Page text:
The Hand of America's First Black Female Poet Phyllis Wheatley was America's first published black poet -- a native of Senegal, sold into slavery in Boston in 1761 and taught to read and write. Now a newly discovered letter by her is expected to fetch top dollar at auction.
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The Hand of America's First Black Female Poet

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The Hand of America's First Black Female Poet

The Hand of America's First Black Female Poet

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ED GORDON, host:

I'm Ed Gordon, and this is NEWS & NOTES.

Mr. JEREMY MARKOWITZ (Autograph Specialist, Swann Auction Galleries): (Reading) `I received your kind letter on the 17th ultimo by Cato Cogshawl(ph). Had not the opportunity to see him.'

GORDON: That's Jeremy Markowitz, an autograph specialist at the Swann Auction Galleries in New York. Tomorrow, the galleries will auction a newly discovered two-page letter written by poet and ex-slave Phillis Wheatley.

Mr. MARKOWITZ: (Reading) `The ambition and thirst of dominion in some is designed as the punishment of the national views of others, though it bears the appearance of greater barbarity than that of the uncivilized part of mankind.'

GORDON: Wheatley was America's first published black poet. She was born in Senegal, West Africa. She was sold to John Wheatley of Boston in 1761. Wheatley was too sickly for hard labor and was taught to read and write.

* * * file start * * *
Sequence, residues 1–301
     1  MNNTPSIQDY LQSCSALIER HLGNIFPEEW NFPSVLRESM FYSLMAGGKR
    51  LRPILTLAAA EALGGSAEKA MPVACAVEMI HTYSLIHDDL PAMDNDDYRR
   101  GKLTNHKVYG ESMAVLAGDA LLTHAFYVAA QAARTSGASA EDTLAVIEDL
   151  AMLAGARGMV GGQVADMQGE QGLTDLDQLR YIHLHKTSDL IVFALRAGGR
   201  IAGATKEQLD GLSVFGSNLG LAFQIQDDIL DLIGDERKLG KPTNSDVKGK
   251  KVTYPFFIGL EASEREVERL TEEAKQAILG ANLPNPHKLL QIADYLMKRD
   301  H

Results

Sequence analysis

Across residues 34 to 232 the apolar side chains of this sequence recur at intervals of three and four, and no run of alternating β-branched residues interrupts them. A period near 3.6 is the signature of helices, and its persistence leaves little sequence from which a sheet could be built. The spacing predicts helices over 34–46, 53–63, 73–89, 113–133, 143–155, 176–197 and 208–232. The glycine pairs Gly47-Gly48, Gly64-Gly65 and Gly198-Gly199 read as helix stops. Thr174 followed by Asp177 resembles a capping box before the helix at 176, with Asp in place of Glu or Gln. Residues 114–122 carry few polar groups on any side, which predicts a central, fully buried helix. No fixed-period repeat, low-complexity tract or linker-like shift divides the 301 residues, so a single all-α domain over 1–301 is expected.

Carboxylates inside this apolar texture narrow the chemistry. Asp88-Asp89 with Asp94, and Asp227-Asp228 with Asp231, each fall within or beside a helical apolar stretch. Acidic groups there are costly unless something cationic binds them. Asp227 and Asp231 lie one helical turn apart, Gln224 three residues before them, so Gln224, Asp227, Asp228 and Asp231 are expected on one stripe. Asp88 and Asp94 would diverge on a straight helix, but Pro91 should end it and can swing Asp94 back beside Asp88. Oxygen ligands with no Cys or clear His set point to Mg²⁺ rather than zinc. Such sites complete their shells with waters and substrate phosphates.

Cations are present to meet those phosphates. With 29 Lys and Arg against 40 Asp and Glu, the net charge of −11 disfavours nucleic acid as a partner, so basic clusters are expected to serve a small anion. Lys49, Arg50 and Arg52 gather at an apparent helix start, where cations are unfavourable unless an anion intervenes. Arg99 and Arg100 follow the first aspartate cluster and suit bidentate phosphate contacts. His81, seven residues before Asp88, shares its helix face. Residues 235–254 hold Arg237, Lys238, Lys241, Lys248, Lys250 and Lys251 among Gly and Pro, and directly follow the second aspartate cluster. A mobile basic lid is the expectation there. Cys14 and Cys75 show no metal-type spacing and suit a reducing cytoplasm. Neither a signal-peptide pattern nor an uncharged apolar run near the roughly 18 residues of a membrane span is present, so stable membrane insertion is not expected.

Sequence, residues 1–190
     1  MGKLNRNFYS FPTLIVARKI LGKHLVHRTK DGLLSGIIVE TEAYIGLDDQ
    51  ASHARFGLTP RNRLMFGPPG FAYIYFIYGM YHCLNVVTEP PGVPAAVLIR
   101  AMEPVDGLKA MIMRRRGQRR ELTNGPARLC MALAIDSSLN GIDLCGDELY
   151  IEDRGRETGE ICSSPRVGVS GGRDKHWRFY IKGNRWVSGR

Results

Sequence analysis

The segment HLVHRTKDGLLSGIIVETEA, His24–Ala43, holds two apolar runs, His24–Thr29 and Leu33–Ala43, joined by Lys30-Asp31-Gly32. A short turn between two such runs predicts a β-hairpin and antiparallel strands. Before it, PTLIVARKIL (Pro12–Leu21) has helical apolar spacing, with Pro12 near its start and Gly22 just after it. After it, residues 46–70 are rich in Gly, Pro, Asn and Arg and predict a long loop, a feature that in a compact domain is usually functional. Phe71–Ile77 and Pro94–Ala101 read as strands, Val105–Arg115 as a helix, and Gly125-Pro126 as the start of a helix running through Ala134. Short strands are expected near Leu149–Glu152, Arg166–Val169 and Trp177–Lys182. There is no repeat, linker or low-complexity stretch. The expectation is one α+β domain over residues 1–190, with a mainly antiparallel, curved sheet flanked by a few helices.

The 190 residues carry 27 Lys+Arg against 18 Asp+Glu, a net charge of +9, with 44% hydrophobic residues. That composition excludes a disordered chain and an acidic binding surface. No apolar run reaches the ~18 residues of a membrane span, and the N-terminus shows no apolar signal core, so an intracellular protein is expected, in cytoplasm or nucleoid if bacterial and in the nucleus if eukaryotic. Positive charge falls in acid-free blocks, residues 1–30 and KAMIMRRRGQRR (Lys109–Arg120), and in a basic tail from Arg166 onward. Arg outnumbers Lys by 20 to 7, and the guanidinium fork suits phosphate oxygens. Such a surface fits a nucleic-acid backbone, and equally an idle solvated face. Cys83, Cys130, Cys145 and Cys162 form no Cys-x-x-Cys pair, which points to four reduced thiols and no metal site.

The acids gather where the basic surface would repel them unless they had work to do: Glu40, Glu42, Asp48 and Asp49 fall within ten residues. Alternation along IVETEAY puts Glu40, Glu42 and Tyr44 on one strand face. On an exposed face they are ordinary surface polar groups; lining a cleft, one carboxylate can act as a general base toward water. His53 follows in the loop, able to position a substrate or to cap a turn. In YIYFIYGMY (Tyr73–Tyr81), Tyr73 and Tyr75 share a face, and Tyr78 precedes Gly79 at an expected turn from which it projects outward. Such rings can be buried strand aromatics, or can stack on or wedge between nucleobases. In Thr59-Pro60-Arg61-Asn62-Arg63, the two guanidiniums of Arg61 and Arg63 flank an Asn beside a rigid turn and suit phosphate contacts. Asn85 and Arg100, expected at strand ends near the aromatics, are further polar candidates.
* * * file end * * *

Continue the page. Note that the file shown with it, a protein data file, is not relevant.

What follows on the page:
Mr. MARKOWITZ: (Reading) `Dutiful respects to Mr. Hopkins and family, and believe me to be your affectionate P. Wheatley.'

GORDON: She published her first poem December 21st, 1767. At the young age of 30, Wheatley died alone and penniless. The starting bid for Wheatley's letter is $80,000.

Mr. MARKOWITZ: We have a previously unknown, unpublished Phillis Wheatley letter coming to auction. It's a tremendous find. We've not been able to find a single Phillis Wheatley letter to ever come to auction before, and this is, you know--it's exciting for both scholars and collectors. This letter, and seven other known letters by her, are written to Obour Tanner, who is a good friend of hers and a slave in Newport, Rhode Island.

There's several reasons why this letter is extremely important, the most notable of which is the content of the letter. It's unusual to find material from African-Americans of this time period discussing the American Revolution. This was the most important event happening, obviously, in 1776, and Phillis Wheatley had a prime position to view it all. She actually lived just across the street from where the Boston Massacre happened and knew Sam Adams and many of the patriots of the day.

The letter's been consigned to Swann Auction Galleries by a descendant of Amasa Walker. And Amasa Walker was a noted Massachusetts politician. He was one of the founders of the Free-Soil Party, which was founded in the 19th century to oppose slavery in the Territories, and a noted resident of North Brookfield, Massachusetts. He received the letter from Catherine E. Beecher. Catherine kept them and cherished them. She was an abolitionist herself and was the sister-in-law of Harriet Beecher Stowe.

Our hope, of course, is that this letter is, in fact--ends up in a museum or an institution, but the owner of the letter has decided to sell it, in part to pay for her grandchildren's education, believe it or not. I can't give you the name, but it's--the letter's consigned by a descendant of Amasa Walker who currently lives in Baltimore.

GORDON: Jeremy Markowitz is an autograph specialist with the Swann Auction Galleries in New York. You can view Phillis Wheatley's two-page letter by going to our Web site at npr.org.

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